Haidt Hype

In an article entitled Moral Psychology and the Misunderstanding of Religion, Jonathan Haidt demonstrates a misunderstanding of New Atheism and, in my opinion, of what should determine moral behavior.

Haidt’s description of moral psychology blurs the distinction between personal emotionality and moral philosophy. Haidt dismisses rational moral systems as too slow, in comparison to gut reactions, to determine behaviour: “Reasoning by its very nature is slow, playing out in seconds.”

Haidt appears to be conveniently ignoring the fact that seconds rank as fast enough to override emotional responses so that our behaviour can be governed by our cognition rather than by every passing emotion. Most people regard this ability as associated with socialization, emotional maturity, and self-control.

Haidt’s description of studies performed for his dissertation demonstrate self-fulfilling experimental bias: “I told people short stories in which a person does something disgusting or disrespectful that was perfectly harmless (for example, a family cooks and eats its dog, after the dog was killed by a car). I was trying to pit the emotion of disgust against reasoning about harm and individual rights.” Needless to say, Haidt found what he was looking for: “I found that disgust won in nearly all groups I studied.”

We Westerners are accustomed to viewing dogs as beloved pets and would react with disgust to this story—after all, the story was designed to disgust. Substitute “pig” or “lamb” for “dog” and the semi-cannibalistic element of the moral story diminishes considerably. In Asia, dogs are considered a food group, so I’d predict that Vietnamese Americans might not have reacted with disgust to this practical, harm-no-animal, meal. In essence, emotive reactions are culturally governed and even though emotion might kick in more quickly than cognitive assessment of this story, the cognition— that dogs are family members—was established by custom before the aversive reaction could occur.

Haidt classifies the criteria for assessing morality: the classically recognized parameters of harm/care and fairness/justice, plus Haidt’s s proposed additional parameter of ingroup/loyalty, authority/respect, and purity/sanctity.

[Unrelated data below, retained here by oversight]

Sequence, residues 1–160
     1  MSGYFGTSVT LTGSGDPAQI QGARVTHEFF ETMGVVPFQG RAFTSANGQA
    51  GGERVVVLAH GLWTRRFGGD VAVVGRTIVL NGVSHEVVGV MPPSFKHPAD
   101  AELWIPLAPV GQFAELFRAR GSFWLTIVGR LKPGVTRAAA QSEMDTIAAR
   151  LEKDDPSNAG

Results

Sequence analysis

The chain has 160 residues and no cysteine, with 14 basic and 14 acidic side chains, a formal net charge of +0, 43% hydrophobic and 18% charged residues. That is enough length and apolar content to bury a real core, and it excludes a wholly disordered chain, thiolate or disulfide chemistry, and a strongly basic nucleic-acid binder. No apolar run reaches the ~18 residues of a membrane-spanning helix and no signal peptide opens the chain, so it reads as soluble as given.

The inclusion of these additional parameters, which seem to govern conservative moralizing attitudes, lead Haidt to the mistaken conclusion that morality is equated with religion. Yes, the Abrahamic religious systems include moralistic rules, and, yes, the Abrahamic religions have flourished by emphasizing community, but this does not mean that religion is the only route to moral behaviour or community involvement.

Conservative insistence on giving primacy to the moral codes of ancient Israel too often runs counter to harm/care and fairness/justice to truly represent moral attitudes. Too often, conservatives clearly act solely under the dictates of emotional reactivity or inculcated absolutes without any regard for potential harm or injustice. Even Haidt would probably not argue that killing others in the name of fundamentalist religious dogma hardly qualifies as moral behavior. Loyalty, respect, and sanctity are not necessarily good guides to moral behavior because those who claim to have moral authority may be manipulating believers to serve the claimants personal economic or political ends.

Haidt focuses on the group survival advantage of religious belief to criticize Dawkins’ New Atheist position. I have not yet read Dawkins, but PZ Myers states that Dawkins did not summarily dismiss group selection, as Haidt would have us believe. I shall have to read Dawkins and judge for myself. Regardless of what Dawkins actually said, it strikes me that in large, post-agricultural societies religion probably best served rulers and priests rather than the society’s individuals. Some South American religious superstitions, which involved ever increasing human sacrifice during times of stress, could hardly be said to have ensured group survival.

Elsewhere : PZ Myers Hmmm...I found the moral philosophy of chimps more convincing :

Video : Haidt's presentation at Enlightenment 2.0, where he explains his research into moral thinking and makes a good argument as to why liberals need to borrow the conservative lesson regarding in-group solidarity to defeat the enemy,


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